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Fluvial 3-D Seismic Stratigraphy of Southern Gulf of Thailand: New Insight into Geomorphology and Associated Reservoir Response to Changes in Sea Level

Zhai, Rui 2; Pigott, John D.1; Pigott, Kulwadee L.1; Uttarathiyang, Tattiya 3
1 Schoolf of Geology and Geophysics, University of Oklahoam, Norman, OK.
2 China University of Petroleum, Beijing, China.
3 PTTEP, Bangkok, Thailand.

Analysis of reflection geometries and wavelet properties of Quaternary fluvial facies extracted from some 600km2 of offshore 3D seismic data from southern Gulf of Thailand reveal systematically evolving stratigraphic differences in the coastal plain fluvial geomorphologic elements and associated changes in reservoir-source-seal quality. We interpret the seismic facies of these paleo-meandering rivers to represent depositional-erosional responses to changes in accommodation space and coastal plain gradient forced by allocyclic eustatic changes in sea level but modified by autocyclic changes in fluvial discharge.Five regional Type I unconformities of the Late Quaternary can be recognized. They punctuate the intervening episodes of deposition which can be subdivided into accretion-erosion “fluvial parasequences” caused by changes in autocyclicity of the river system and staged falling or rising base levels. Reflection character and reveal these sequential parasequence set attributes for these paleo-rivers LST-TST-HST-RST-LST, etc: (1)Lowstand System Tract (LST): Downcutting of principal channel, with development of serrated subordinate tributary boundaries. Fluvial channels exhibit low sinuosity (1.1), low channel width (250-500m), and low width/thickness ribbon meanders (<1). (2)Transgressive System Tract (TST): Channels progressively widen (1.2-2.2km) and the serrated subordinate tributary boundaries become flooded. Good potential source and seal potential occurs for horizontal charging of adjacent accretion units. (3)Highstand System Tract (HST): Channels are widest and become increasingly filled with low velocity mud. If this portion of the coastal plain is inundated by the encroaching marine waters, the channels will become totally submerged. Poorest reservoir but greatest seal and source potential characterizes the plugged and abandoned channels.(4)Regressive System Tract (RST): Highest channel sinuosity (1.8) and largest width/thickness ratios. Stages of erosional downcutting into the preceding HST deposits develop with the formation of terraces of lateral accretion units which are seismically imageable as alternating oblique bands of amplitude polarity reversals in cross section and zebraic in plane section which generally exhibit high velocity acoustic amplitude contrasts. Best reservoir quality occurs.Placing coastal river deposits in a sequence stratigraphic framework affords significant insight into the petroleum system potential.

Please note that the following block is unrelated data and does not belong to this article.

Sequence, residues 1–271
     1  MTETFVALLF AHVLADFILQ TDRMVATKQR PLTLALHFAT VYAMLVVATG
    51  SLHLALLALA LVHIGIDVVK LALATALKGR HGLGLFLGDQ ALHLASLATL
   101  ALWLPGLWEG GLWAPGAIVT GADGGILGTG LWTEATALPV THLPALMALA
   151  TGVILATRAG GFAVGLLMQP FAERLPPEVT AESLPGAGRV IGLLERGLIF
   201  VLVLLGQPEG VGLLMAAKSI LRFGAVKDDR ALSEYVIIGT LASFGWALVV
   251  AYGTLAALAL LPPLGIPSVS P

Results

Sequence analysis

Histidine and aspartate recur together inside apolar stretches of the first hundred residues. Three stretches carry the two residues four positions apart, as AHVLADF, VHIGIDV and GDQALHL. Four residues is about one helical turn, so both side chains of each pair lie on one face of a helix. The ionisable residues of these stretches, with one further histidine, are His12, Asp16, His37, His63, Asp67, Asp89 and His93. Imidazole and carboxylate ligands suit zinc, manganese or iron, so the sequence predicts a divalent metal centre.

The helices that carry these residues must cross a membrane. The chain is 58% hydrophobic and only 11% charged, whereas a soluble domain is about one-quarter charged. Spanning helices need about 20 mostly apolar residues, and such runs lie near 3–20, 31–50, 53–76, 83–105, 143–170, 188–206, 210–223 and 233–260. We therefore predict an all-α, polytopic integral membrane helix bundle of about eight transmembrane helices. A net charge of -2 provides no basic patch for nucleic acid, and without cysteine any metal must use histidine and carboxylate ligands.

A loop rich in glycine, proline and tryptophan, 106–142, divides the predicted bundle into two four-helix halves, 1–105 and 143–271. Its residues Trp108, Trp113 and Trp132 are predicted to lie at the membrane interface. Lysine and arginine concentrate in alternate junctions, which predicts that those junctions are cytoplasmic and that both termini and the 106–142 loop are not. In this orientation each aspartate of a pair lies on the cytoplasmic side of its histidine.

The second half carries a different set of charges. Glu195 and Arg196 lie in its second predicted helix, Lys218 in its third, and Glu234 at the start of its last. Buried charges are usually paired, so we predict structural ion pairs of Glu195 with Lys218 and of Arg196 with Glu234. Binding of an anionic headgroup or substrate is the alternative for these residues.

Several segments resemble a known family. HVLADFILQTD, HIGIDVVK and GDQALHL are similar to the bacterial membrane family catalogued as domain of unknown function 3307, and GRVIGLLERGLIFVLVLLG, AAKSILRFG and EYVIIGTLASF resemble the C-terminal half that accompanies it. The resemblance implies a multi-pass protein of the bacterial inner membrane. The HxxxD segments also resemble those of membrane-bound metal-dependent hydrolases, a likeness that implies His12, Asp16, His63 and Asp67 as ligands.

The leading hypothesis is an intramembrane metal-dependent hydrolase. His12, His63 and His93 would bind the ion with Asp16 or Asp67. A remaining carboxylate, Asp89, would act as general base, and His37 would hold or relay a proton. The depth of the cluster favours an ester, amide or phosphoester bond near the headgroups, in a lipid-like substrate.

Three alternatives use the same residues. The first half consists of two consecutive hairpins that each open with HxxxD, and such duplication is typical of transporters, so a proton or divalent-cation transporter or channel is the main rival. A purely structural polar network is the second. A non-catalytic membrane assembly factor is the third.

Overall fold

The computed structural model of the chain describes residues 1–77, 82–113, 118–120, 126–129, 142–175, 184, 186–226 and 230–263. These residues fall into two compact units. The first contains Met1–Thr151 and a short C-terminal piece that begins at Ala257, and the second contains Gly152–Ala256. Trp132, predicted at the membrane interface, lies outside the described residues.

AAPG Search and Discovery Article #90090©2009 AAPG Annual Convention and Exhibition, Denver, Colorado, June 7-10, 2009